The acceptable investments include residential real estate development, commercial real estate, bonds, company equity (private and public), managed funds, venture capital funds, philanthropic investments, and “angel fund and network” investments. Due care should be taken if investing in managed funds with international components, as only the portion of the fund invested in New Zealand companies can be considered an acceptable investment.
The option to invest in residential real estate is an attractive option for many applicants. Auckland, the largest city in New Zealand, is facing a housing shortage, with a current shortfall of more than 44,000 residences. Developers are struggling to meet this demand. The largest apartment developer in Auckland is Conrad Properties Group, and while they have completed more than 4,000 apartments, with more than 800 apartments currently under construction, they are nowhere near addressing the level of demand that currently exists.
Acceptable investments in residential real estate must meet specific conditions. These conditions require that the real estate is a new development, is purchased for commercial return purposes (rental return and capital growth), and is not for personal use during the investment period.
When a residential property is completed and no longer a new development, it may still be retained as an acceptable investment, provided that the residential property is rented. If not, it will need to be sold and the proceeds further invested in other acceptable investments that could include additional residential property development. Such changes in investments are permitted, provided that the sales proceeds from any liquidated investments are fully reinvested into additional acceptable investments within a reasonable time frame.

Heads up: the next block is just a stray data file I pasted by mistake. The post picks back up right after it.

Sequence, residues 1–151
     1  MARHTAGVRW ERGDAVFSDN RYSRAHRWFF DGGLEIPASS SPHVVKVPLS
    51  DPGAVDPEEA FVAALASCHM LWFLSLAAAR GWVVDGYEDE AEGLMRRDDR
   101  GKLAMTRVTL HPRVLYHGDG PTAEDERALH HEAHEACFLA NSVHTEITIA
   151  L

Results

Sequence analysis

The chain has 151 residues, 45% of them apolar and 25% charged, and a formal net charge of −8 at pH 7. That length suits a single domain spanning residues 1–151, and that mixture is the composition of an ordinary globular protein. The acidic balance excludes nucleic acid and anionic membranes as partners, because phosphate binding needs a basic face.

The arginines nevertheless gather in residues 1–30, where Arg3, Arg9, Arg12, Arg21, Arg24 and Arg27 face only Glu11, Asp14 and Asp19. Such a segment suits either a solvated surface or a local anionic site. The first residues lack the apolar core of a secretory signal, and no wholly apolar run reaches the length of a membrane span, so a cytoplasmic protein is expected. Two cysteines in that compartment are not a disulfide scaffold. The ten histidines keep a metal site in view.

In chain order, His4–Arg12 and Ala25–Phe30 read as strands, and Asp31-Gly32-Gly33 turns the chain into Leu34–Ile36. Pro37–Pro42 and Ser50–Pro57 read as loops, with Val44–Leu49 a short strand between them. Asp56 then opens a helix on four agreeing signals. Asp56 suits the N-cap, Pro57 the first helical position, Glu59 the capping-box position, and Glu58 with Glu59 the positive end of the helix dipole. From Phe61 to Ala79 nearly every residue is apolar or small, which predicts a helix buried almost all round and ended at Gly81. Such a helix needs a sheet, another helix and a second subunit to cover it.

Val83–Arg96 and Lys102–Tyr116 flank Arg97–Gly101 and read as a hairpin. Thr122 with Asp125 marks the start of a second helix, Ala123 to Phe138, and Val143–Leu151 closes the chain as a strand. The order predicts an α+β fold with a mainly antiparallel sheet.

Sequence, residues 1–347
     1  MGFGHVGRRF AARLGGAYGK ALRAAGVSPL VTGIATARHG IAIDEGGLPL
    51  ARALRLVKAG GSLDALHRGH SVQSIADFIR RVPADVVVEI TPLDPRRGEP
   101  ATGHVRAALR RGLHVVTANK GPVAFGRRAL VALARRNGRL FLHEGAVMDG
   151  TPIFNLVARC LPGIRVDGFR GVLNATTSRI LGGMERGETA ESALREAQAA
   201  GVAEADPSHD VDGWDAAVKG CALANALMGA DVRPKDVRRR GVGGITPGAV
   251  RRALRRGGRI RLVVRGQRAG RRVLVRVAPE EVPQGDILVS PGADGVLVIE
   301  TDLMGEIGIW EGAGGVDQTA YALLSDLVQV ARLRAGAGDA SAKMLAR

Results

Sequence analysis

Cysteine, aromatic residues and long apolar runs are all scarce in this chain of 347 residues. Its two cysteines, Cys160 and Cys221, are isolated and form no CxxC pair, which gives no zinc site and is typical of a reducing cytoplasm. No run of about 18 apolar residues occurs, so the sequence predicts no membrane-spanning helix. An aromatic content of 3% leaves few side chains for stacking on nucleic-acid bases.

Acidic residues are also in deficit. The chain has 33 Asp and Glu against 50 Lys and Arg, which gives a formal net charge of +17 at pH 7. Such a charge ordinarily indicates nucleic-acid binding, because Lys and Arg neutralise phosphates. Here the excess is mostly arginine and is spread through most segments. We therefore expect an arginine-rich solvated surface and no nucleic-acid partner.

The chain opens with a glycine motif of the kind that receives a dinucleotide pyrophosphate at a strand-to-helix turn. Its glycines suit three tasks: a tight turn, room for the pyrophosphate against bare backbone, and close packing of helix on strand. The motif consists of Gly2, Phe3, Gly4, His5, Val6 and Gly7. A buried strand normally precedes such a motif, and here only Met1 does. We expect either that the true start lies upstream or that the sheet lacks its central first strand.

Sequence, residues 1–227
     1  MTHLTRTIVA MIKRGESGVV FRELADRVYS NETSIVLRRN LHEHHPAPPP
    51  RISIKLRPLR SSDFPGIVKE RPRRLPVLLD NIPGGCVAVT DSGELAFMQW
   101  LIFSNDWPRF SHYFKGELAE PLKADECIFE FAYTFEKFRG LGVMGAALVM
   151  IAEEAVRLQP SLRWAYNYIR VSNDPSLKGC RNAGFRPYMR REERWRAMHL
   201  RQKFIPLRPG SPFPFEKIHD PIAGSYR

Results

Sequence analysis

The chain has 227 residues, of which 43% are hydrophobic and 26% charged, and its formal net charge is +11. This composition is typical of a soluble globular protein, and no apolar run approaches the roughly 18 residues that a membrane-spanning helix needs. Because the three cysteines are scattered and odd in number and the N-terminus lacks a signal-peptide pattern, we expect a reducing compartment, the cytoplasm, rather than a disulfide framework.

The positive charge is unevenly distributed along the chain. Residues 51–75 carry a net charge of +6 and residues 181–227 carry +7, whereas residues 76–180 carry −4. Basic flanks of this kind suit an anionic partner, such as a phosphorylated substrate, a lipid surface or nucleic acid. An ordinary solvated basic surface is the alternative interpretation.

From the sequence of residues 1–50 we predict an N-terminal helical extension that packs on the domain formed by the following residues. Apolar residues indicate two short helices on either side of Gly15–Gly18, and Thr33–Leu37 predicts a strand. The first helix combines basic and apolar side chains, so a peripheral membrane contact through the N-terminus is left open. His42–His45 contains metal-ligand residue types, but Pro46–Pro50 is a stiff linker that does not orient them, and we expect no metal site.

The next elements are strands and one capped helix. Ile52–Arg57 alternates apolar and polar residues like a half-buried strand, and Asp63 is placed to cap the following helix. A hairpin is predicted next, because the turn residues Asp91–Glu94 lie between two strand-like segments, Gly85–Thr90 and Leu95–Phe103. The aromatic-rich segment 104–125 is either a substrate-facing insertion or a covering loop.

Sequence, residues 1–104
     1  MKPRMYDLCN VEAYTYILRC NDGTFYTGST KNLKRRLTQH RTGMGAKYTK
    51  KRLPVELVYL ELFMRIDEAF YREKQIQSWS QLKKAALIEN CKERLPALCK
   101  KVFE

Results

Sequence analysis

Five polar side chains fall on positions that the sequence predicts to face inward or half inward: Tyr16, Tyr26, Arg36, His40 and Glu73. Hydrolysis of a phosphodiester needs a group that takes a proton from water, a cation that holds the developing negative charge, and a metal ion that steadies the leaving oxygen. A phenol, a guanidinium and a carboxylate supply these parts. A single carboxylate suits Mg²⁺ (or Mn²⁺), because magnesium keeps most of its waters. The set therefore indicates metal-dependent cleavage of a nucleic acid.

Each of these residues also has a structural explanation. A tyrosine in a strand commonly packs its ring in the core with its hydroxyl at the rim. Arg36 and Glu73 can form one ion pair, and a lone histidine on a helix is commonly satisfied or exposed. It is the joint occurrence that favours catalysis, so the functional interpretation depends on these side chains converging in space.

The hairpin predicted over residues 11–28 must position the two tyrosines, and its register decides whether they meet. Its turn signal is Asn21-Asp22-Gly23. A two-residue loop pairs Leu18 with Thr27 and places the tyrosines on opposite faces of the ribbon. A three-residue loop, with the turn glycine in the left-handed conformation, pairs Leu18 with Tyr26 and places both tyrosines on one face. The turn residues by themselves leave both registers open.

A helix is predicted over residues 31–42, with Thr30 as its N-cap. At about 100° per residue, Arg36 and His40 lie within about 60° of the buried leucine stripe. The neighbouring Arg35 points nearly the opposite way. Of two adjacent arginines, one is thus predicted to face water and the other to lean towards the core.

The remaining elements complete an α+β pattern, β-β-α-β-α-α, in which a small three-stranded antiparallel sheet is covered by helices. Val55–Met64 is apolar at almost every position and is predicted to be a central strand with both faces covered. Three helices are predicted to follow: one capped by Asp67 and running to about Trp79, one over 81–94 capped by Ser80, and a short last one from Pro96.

The investor program basics
The investor program has three key stages.
The first stage is the visa application process. For the investor 2 program, that includes an additional preliminary step of submitting an “expression of interest” that precedes the resident visa application. The visa processing time will vary depending upon the circumstances and processing office workload; a time-frame of five to 10 months is typical. Upon completion of the visa processing, a letter indicating an “approval in principle” is issued.
The second stage starts with the “approval in principle” advice. The applicant can now proceed with transferring funds to New Zealand and moving the funds into acceptable investments. The applicant can proceed with confidence knowing that his or her eligibility for the resident visa has been confirmed, subject to the compliant transfer and investment of funds in New Zealand. It is expected that the funds will be transferred and invested in New Zealand within 12 months, with extensions to that possible for a maximum of 24 months for the investor 1 visa and 18 months for the investor 2 visa.
The third stage is the resident visa. It is granted following the acceptable investments being made in New Zealand. This is a period of three years for investor 1 or four years for investor 2. As the holder of a resident visa, the applicant and included family members are eligible for benefits in New Zealand. The principal applicant is obligated to stay in New Zealand for the required time over the investment period: 88 days for investor 1 and 438 days for investor 2. Measured time periods are accumulative and do not need to be consecutive stays.
Following the completion of the investment period, with the required stay requirements met and investments held in acceptable investments throughout the period, the applicant and included family will be able to apply for permanent residency. Citizenship is an option after five years of residency, including qualifying stay periods in New Zealand, although it is less of a necessity when considering that the permanent residency is for life without any ongoing obligations. No limitations are placed upon holding dual citizenship.
Upon reaching 65 years of age, subject to qualifying requirements, which generally include at least 10 years of living in New Zealand, residents are eligible for a pension. For a single person, this is currently $801 per fortnight. A pension is made available to all eligible residents with no assessment of income or assets required.
With a minimum stay required in New Zealand of under three months, attractive and flexible investment options, and no further ongoing commitments after the issuance of the permanent resident visa, New Zealand should be high on any list of countries for investors, whether they’re seeking to move now or just to have the option to relocate at any time in the future.
Welcome to New Zealand: Kia ora!